I AM NOT OKAY WITH THIS is a solid coming-of-age story that could have taken more risks

We go back to Netflix for another coming-of-age series that gets experimental with how it depicts the struggles of growing up in today’s society from the perspective of developing teenagers… oh, and this one has superpowers.

I Am Not Okay with This follows the life of Sydney (Sophia Lillis), a teenager going through the trials and tribulations of high school while also having to deal with her own family-related struggles, sexuality-related struggles and the fact that she’s beginning to uncover that she has mysterious superpowers. It’s safe to say there’s a lot going on in Sydney’s life and it’s all very entertaining to follow. At its core, there’s not a whole lot that is particularly fresh or new about this series. A number of the character dynamics and beats that are hit have been explored by other shows, but what makes this series thoroughly enjoyable and sets it apart from other coming-of-age stories is the superpower dynamic.

This superpower element is not even actually representative of superpowers in the traditional sense. The powers aren’t necessarily there to build a fantasy world where there’s mystical forces of good and evil. Instead, they play a very subtle role in the story and more-so represent or visualise the emotional struggle of growing up as a teenager and how certain events or developments can greatly impact your life at that time. This is the core element of the series as it’s what brings characters together, tears characters apart and is the driving force of all of the heart, love, conflict and fear that makes up this charming and emotional story.

What also really works in this series is the length. With only seven episodes that sit around 20 minutes each, it’s very easy to digest and the rapid pace of the story means you can effortlessly go through the entire season in one sitting. The story, very cleverly, flows from one episode to the next and that helps to keep things moving. There’s not a single episode where the main arc isn’t advanced or there’s no character development at all, resulting in there being something to latch onto in every episode that brings you closer to the characters. If I was to criticise the story I would say it’s pretty safe in some of the directions it takes. The superpower dynamic may be new in this context, but the directions the story takes are mostly fairly straightforward. If this series does receive a second season, I’d like to see it take more risks.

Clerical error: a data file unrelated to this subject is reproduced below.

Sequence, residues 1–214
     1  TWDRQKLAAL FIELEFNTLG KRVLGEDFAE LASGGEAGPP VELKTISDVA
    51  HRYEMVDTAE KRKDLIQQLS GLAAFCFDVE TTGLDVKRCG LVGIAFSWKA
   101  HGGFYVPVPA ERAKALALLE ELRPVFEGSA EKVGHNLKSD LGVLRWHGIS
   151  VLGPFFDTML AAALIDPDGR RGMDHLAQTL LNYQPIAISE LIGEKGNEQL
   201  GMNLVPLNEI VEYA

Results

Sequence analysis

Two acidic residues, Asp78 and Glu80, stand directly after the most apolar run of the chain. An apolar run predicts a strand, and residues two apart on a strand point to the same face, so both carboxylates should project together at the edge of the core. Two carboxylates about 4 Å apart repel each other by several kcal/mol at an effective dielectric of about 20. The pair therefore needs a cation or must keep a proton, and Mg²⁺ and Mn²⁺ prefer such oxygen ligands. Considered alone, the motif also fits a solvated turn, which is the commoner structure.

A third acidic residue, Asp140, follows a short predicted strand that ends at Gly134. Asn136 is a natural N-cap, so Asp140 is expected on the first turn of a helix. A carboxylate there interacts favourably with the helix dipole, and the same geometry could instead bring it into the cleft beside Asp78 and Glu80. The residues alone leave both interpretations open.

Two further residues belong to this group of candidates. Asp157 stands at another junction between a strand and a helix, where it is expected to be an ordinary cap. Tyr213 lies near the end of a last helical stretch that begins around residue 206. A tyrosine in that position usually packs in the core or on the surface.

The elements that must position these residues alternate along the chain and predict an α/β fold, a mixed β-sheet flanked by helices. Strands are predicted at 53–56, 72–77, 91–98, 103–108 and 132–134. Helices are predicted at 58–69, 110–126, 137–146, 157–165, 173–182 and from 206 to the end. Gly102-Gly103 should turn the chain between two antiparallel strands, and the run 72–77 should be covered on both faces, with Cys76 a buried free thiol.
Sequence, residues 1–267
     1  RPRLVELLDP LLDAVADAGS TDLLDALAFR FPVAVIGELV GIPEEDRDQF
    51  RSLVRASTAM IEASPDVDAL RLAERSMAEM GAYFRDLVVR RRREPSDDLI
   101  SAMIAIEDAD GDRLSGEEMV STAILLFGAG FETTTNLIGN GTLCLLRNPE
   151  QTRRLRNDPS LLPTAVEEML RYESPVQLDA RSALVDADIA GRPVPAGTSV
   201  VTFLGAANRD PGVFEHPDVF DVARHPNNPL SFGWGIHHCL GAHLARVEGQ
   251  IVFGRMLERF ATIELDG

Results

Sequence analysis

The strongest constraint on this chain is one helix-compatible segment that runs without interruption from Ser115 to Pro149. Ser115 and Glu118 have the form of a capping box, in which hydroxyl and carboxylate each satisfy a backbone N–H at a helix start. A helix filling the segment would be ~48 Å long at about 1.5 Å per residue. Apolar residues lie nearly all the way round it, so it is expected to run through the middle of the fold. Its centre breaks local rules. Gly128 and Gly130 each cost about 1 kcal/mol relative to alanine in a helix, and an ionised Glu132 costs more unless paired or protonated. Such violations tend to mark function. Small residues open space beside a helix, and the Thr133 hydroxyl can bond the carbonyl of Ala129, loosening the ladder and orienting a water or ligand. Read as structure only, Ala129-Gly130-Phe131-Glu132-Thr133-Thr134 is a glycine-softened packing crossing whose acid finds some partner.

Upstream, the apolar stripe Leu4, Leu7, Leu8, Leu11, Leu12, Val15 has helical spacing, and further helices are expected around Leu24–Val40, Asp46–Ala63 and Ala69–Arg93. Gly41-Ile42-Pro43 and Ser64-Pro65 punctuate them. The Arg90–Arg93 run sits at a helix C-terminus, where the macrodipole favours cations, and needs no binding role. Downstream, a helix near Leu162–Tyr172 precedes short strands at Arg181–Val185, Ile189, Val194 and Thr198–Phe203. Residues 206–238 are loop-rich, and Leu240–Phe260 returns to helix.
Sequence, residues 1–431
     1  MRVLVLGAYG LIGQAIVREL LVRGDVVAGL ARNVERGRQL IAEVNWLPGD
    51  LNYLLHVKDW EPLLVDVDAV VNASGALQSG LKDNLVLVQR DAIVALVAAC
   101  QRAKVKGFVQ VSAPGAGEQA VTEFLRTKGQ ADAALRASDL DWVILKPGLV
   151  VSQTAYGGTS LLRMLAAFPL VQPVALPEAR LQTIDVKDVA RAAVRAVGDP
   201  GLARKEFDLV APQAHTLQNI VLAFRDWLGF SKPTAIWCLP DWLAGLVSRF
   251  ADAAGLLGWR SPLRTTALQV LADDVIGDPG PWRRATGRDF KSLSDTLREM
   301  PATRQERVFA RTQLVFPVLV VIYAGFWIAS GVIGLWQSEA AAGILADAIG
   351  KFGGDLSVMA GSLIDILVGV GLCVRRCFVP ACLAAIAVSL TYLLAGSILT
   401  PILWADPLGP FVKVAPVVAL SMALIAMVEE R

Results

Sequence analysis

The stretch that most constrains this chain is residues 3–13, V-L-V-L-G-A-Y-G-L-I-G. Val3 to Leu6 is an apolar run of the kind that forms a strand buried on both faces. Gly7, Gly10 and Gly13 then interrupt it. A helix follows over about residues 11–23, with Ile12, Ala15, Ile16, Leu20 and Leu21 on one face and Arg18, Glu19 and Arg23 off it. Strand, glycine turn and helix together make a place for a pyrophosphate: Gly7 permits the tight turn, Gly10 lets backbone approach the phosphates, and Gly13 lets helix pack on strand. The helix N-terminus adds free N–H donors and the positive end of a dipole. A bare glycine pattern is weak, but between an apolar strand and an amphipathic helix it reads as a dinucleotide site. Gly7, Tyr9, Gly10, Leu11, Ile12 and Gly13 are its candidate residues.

The lead cast are the reason I, for one, began watching the show and they’re the reason the story and emotional impact is as strong as it is. Sophia Lillis plays this very reserved and awkward teen really well to the point where you start to think whether she’s actually awkward in real life. She pulls it off spectacularly across every scene and really gets you on the side of her character. She’s loveable and entertaining to watch, and makes her emotional journey through the season the most engaging one. Then you have Wyatt Oleff who plays Stanley, this eccentric stoner character, and surprisingly pulls it off really convincingly. He’s a bit goofy and does come across as a 16 year-old playing a stoner character, but it really works for this series.

The chemistry between the two of them is where the majority of the heart, emotion and humour is captured. Having already starred alongside each-other in 2017’s IT, it’s clear they both came into this project with a bond that extends beyond the screen. Every scene with the two of them is captivating and just seeing how their relationship develops over the course of the season is entertaining on its own. They’re the two strongest performers in the series and are the ones who carry the majority of the story on their backs.

When it comes to the humour, it straddles the line between smart, light-hearted humour and some slightly dark and cynical humour. This balance may not be for everyone, but I thought it was great and really fit with the whole superpower dynamic that is at play. The comedic timing is pretty spot on across the board, with comedic beats that are very witty and smart. It’s mostly delivered through cleverly integrated lines of dialogue that garner some pretty heavy laughs if you catch them, and if not, they just go by as another line of dialogue.

In the end, I Am Not Okay with This is a solid coming-of-age series that boasts a short runtime, rapid pace, top-notch performances and a story that is fun and enjoyable. There was definitely room for it to be a little more inventive in how the story develops but it played it safe and didn’t step a single foot wrong, so I can’t really complain. For fans of the genre, it’s a very easy watch that is thoroughly enjoyable and can be finished in a single night. I hope it gets another season in the near future, but we’ll just have to wait and see.


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